mashed lliet f Bring me a fresh plate, and I'll
mix my flies to suit rnpself.' The proprietor,
overwhelmed with grief, hurries up another pil
ing plate, and pours apologies by the peck."
We never like to say a mania drunk, unless
wehaea good evidence of the fact nor then,
if we can help it, but we must concur with the
Boston Jleraia, in gi ing it as our decided con
viction that th hero of the following anecdote
was "very druuk." A few evenings since a
voung married gent, who had just commenced
house-keeping went toward his hoitsn in Beacon
Street, and mi, "taking his neighbor's door for his
own, fumbled away fur some fifteen tuiuntes,
trying to Hud a hole for his night-key but ho
couldn't, for there happened to bo none in the
door. In despair he finally exclaimed, "What
hie is coming next hie homebody ha sto
len my hie key hole f
A little South Kansas boy ran away from
school, Monday, to go walnutting. During tho
expedition, he fell twice ont of one tree, to the
imminent danger of breaking his neck, was lick
ed by one of the other boys, whose breath he
materially lessened by stumbling against his
stomach, ran a sliver into his knee, and was bit
ten violently on tho neck by a new kind of bog.
When he got home, his father anointed him
with the soft side of a lath, and tho next day at
eehool, theteachcrescorted hiratwicearound the
rood, by his poorest ear. He says that wal
nuts are so wormy this year, that it don't pay to
go after them.
"Have you any elm wood P said a seedy-look-ing
customer to a Boston dealer in wood. "Ob,
yes," was the reply, ''some down the wharf."
The fellow bought a log. The next day he du
plicated the purchase, and the dar after.
"What are j on doing with this wood'"' asked
the dealer. "Every log is worth ten dollars,
since tbe Great Elm tumbled down," was tbe
"Mr dears, I miss something or somebody, I
can't tell what or who," said Jones to hi chil
dren, as he sat down to tea the other night.
"Fraps it's mother," said little Billy, "hhe
gone over to Aunt Jane's to tea." The child
was right. It was Mrs. Jones who was mianed,
and Jones said in continuance: "Well, let'sbave
a quiet snpper, then."
IX a Munich tavern: Guest to proprietor
"See l.ere, mine host, what I found in this mug
of beer; a piece oi paper ana a o ran ay glass.
Host " ell, and sanposin' yon did. A man
was here the other day, who found an apple
dumpling In his beer, and didn't say a word."
jttrltm nun or.
A sailor in the pit of a theatre, looking over
his playbill, read, "au interval of twenty years
occurs between tnenrsi ana me eccoud acts."
At the end of the first act. he put on his old tar
panlin, and left tbe bouse.saying "few of these
xoiks wui seo ine enu in,'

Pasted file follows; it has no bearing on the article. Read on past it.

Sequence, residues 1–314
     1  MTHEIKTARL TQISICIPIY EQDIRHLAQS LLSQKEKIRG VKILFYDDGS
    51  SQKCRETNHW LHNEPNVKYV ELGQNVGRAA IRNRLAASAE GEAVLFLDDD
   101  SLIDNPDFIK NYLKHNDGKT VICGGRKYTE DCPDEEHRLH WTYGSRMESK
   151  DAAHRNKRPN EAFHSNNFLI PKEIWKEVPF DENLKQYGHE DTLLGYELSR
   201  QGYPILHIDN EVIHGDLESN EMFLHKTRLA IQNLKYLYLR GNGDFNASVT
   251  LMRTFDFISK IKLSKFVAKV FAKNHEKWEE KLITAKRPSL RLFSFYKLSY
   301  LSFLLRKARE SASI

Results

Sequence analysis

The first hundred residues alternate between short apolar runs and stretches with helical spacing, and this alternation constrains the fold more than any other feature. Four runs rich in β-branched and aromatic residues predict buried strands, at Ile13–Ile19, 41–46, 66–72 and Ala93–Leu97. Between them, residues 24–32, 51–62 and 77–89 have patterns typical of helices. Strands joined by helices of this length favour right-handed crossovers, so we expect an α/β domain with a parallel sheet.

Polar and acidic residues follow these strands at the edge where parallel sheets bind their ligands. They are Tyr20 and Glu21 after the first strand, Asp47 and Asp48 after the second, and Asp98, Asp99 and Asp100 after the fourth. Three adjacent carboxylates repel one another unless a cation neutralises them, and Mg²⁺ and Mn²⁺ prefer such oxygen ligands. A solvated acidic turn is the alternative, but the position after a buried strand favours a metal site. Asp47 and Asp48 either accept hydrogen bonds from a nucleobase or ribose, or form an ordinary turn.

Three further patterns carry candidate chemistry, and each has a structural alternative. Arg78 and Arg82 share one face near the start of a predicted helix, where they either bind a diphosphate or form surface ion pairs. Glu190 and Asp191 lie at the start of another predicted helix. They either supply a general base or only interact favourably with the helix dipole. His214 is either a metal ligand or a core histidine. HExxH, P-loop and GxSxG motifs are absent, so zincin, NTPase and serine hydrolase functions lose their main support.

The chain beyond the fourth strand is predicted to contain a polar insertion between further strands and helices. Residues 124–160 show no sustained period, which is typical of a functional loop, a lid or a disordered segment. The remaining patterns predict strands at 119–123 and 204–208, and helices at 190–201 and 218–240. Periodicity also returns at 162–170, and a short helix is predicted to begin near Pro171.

A coBREsroMtENT asks: "Where will Beech
ergotoP We forget; but we heard the name
mentioned once by a scliool teacher, who sat
down on a bunch of pins tied up with au eve to
business by a mischievous boy. "Hell! he
yelled." raola Sptrtt.
"Icaxt bear children," said Miss Prim, div
Mrs. Partington, looking over her spectacles
replied, "Perhaps if you conld, you would like
A rCBUCAX's wife In Suffolk, whilst at
church, fell asleep and let fall her bag, in which
she carried a large bunch of keys. Aroused by
the noise, she jumped up and exclaimed, "Cuss
It, SaL there's another jug broke,"
'VlTT rnn rmn thn Kjter-ieoB t innnim.1
deacon, of a brother who was an ovsterman bv
ision. "Xo, I thank you," said he. half
king from a doze, "I've left mv knife at
"Do you keep matches here V asked a wag of
"Oh, yes all kinds" " the replv.
Then I'll take a trotting match."
"Do yon understand the nature of an oath P
a juryman was asked in a St. Louis court room.
0f course I do," was tbe reply. "Do you take
me for a member of the Electoral Commission P
THE weather used to get along all right until
"Old Prob." went to fooling with it. and now
the goosebone, ground-hog, and all the old sigus
that worked so well, fail entirely.
A. TJxioxTOwsf tnrkey was observed the other
day on a fence, Intently studying an almanac,
and reckoning on his toes how long it was from
A La whence man died, and they put him on
Ice, but he awoke in the neght, and yelled out:
"Why don't yon put some more wood In that
u& the heading of "Happy Thoughts,"
tto PctewburgfVa.) pealiuys that more aick
jLB U ialhat cit thaa formyyeArs
Cacaggenij rf '-a i
tot tnc warmer.
Winter Sutioas far Heae.
Kannle FirM, " j f?"" f"rrf.f ""f?'? '
innfc.-JS ber Jn 'ay in winter, tr!U tnc rtin .
r'nrorr Iiotr !lr fretl tfcrm, ni fol'ims: "Jly I
. ..r riin
fiwl lit winter and it work;
TnitKlrrfuIlr writ i to Kiy
l.trclfttt rircry wnrpins Jo.t
them u warm
a nou as they
ran r-e to rat. a few handfaU f grain at noon,
- and a fall feed fr grain at night. The warm
breakfast 14 marie of eget&bU-f turnips let.
. carrot or potatoes, bailed and mashed up with
t wheat bran; or uat meal scalded with fekini
imik ; or reju v iruui .- micuc-u iwnnj j, -
tL" Hiinn thickrucd ith brau ; and when weet
, appli are. plenty, we boil ihrin, and mix wu
CUin meai "jiiiti i..m " , .v - --
another; we don't leftevr in feeding one thing
jll :!i- time, and the hens don't believe In it
it her. I don't tLink my biddies need the noon
f-rtl lranaei they are huugr, bat 1 gie it U
Ihrm tomato them wratch for rxerciw, and to
keoptbetiiuntofttiiM.bief. I wuttrr it anmnd
auumi the litter iiider the sheil, and Jet them
di it ut. This Jnneh ii generally oats or